In business, any advantage is a competitive one. If your data center can offer the green credentials now so sought after by companies wanting to smash their ESG goals, then their custom you shall have.

The thing is, when it comes to green credentials and sustainability, thinking inside the box, i.e the box that is your own data center, doesn’t do a great deal to help the wider, very much global climate crisis in which we find ourselves.

When DCD spoke to Svein Hagaseth, chief sales officer at Green Mountain, we took a deep dive into all manner of sustainable solutions. From cannibal lobsters to a shift in attitudes, we found out what it really means to think outside the box, creating truly circular, sustainable solutions whose effects ripple far beyond the physical data center.

Green with envy

With three data centers currently based in Norway, Green Mountain arguably has a natural advantage from the get go (quite literally). The abundance of free cooling, temperate climate and cheap energy makes Norway the ideal data center destination.

This is probably why Green Mountain has another two Norwegian data centers currently in development, with both facilities expected to exceed 100 MW. They will of course be powered by 100 percent renewable energy and will be built to meet a sub 1.2 PUE standard.

Operational since 2013, Green Mountain’s first data center, DC-1 Stavanger is a unique tier III certified mountain hall data center (yes, it’s actually in the mountain) that houses both cloud, enterprise and HPC and AI type workloads. DC-1 is located in a former high security NATO ammunition storage facility, with natural free cooling accessible from an adjacent deep water fjord.

Green Mountain’s second facility, DC-2 Telemark, was created in response to popular demand. Clients wanted a disaster recovery (DR) site as well as data center diversity, so Green Mountain delivered the goods, providing a 40MW opportunity at DC-2, a site that had originally been scouted by Facebook for its own Nordic data center. Now we see a huge interest in the site primarily for AI and HPC type of workloads, due to it being located in the power hub of Norway where more than five percent of the power production in Norway is generated, says Svein Atle.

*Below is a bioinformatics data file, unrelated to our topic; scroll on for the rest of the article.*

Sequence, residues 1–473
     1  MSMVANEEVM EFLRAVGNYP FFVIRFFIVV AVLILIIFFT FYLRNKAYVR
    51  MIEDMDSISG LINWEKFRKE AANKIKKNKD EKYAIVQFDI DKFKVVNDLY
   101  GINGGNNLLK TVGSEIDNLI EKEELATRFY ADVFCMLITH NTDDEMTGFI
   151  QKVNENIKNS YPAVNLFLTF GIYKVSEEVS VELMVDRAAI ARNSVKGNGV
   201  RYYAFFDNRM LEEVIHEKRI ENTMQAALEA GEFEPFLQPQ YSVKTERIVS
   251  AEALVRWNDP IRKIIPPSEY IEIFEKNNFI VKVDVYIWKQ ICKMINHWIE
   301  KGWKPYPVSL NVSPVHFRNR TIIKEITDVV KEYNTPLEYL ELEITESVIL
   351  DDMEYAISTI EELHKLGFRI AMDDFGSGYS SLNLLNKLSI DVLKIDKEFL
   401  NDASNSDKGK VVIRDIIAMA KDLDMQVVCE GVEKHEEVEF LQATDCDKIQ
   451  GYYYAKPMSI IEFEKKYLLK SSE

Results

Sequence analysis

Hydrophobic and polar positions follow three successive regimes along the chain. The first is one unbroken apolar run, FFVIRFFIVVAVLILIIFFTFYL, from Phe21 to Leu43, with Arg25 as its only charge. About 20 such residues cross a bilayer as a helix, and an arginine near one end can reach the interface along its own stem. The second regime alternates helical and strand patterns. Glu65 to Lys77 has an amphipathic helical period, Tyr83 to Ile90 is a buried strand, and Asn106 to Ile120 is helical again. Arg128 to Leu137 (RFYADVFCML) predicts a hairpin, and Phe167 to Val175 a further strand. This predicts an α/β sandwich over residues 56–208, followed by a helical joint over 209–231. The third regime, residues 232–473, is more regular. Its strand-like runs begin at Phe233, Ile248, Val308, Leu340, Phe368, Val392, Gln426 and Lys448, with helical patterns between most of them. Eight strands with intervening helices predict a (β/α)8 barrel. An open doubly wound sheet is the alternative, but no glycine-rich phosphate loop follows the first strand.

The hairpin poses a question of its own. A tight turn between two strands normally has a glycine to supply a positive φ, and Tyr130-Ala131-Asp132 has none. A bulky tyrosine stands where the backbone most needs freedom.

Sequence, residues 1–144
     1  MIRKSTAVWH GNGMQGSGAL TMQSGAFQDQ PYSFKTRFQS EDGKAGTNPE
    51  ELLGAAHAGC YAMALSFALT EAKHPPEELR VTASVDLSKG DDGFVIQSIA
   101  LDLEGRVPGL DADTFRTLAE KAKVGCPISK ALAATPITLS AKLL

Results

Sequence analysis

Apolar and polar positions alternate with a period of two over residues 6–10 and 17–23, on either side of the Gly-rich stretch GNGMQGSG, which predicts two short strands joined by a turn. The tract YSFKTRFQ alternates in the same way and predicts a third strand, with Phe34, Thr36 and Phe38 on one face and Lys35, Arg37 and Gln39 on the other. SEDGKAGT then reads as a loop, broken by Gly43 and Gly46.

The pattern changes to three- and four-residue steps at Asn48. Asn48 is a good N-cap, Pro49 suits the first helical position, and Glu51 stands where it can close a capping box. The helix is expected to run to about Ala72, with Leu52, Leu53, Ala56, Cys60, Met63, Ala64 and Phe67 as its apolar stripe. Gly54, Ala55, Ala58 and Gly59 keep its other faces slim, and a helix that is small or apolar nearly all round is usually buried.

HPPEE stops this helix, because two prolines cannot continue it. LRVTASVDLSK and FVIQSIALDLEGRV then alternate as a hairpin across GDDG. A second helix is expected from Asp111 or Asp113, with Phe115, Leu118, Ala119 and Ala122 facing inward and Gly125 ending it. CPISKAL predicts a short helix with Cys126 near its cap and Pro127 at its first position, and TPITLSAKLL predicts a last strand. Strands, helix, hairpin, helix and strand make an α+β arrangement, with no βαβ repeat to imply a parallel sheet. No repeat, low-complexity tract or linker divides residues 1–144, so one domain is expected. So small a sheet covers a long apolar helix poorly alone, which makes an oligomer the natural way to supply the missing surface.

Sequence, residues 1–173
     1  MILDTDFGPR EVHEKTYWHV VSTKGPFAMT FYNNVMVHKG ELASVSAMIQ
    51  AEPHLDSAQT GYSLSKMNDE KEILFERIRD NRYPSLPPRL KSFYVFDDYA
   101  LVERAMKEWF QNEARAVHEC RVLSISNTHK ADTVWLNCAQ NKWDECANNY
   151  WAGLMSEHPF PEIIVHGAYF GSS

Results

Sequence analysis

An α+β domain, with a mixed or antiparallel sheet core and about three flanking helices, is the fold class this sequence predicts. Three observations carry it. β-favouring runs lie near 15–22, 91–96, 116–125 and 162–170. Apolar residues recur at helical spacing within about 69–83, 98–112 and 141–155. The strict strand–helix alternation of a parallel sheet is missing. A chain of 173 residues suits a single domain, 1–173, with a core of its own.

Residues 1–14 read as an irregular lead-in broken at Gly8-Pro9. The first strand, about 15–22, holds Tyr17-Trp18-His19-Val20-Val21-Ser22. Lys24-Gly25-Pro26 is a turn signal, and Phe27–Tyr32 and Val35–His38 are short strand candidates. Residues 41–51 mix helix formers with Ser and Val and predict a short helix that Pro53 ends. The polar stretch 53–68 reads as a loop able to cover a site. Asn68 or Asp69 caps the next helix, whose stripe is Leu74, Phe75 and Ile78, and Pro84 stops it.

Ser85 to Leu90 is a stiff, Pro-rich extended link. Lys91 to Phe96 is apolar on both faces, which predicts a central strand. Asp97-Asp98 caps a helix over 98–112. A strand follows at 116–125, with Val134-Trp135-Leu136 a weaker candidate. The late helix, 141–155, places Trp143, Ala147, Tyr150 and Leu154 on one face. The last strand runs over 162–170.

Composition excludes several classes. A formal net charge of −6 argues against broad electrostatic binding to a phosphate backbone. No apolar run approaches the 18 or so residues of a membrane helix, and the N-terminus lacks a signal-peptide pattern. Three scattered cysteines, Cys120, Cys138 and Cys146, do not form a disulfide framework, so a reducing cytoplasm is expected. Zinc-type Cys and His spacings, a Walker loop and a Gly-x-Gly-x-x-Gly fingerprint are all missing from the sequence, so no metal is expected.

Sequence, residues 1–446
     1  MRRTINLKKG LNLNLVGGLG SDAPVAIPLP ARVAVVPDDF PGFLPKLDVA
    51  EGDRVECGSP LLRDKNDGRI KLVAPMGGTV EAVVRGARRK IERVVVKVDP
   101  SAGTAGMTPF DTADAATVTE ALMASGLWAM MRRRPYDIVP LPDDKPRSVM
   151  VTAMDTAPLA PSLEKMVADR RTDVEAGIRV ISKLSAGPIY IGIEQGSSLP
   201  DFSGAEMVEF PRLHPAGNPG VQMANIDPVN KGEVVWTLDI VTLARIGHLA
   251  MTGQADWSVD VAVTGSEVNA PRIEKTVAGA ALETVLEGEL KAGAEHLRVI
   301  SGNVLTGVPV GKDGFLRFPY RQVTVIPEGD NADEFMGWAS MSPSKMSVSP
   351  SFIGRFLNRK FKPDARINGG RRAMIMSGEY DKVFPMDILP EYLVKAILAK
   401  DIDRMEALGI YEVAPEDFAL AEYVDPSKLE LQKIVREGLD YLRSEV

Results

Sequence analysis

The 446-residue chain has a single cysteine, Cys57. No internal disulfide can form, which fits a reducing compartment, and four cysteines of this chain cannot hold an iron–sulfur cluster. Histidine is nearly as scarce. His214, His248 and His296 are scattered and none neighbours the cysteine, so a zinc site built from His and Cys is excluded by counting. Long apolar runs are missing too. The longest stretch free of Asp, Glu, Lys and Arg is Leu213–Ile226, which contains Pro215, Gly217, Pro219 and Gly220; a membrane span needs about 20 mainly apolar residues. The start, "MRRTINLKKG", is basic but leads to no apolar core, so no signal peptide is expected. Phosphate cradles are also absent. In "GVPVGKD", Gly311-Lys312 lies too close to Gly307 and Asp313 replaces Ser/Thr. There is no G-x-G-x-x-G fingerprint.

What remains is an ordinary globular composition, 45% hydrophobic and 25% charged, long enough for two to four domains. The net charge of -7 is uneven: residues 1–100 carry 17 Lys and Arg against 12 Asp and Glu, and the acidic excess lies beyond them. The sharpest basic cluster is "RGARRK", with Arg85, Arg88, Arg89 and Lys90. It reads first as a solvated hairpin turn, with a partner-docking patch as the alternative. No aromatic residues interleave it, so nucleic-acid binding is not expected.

Wanting more, hyperscale clients then challenged Green Mountain to build a third facility in Oslo, and DC-3, a flexible, future-proof data center site in the Norwegian capital was born, which went operational in 2020, and where they recently announced further expansion with a 13.5 MW multi-tenant site due to be operational in Q4 2022.

“Each of our data centers supports Green Mountain’s mission of setting the green standard,” says Hagaseth. “Sustainability is at the core of everything we do and we want to keep pushing that needle on what a sustainable data center actually is.”

And Green Mountain will soon be taking its mission further afield, with plans to cement itself as a truly pan-European player by expanding its presence beyond Norway.

‘Can you deliver a carbon neutral data center, yes or no?’

This was the question put to Green Mountain by German giant Volkswagen, who subsequently chose Norway, and Green Mountain, for its data center. “If the answer was yes, we could answer another 255 questions,” explains Hagaseth, “if the answer was no, we could simply disqualify ourselves.”

But this request was more unusual than you might think, as Hagaseth explains. “Three years ago a German public client would never have evaluated Norway for their data center, but now, these clients are approaching us, saying that sustainability is a more important aspect, and that they will never achieve their carbon neutrality target by 2030 by having a data center in Germany.”